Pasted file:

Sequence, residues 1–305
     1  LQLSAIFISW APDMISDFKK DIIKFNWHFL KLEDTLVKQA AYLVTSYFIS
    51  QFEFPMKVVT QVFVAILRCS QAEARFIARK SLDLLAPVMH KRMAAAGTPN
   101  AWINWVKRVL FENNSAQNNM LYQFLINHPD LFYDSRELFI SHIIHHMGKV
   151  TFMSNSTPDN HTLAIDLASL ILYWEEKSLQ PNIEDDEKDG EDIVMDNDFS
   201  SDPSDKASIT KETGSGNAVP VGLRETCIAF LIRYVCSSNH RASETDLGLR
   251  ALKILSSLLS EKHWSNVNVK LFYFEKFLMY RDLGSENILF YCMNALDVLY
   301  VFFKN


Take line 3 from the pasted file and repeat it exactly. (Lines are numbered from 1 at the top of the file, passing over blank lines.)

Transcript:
    51  QFEFPMKVVT QVFVAILRCS QAEARFIARK SLDLLAPVMH KRMAAAGTPN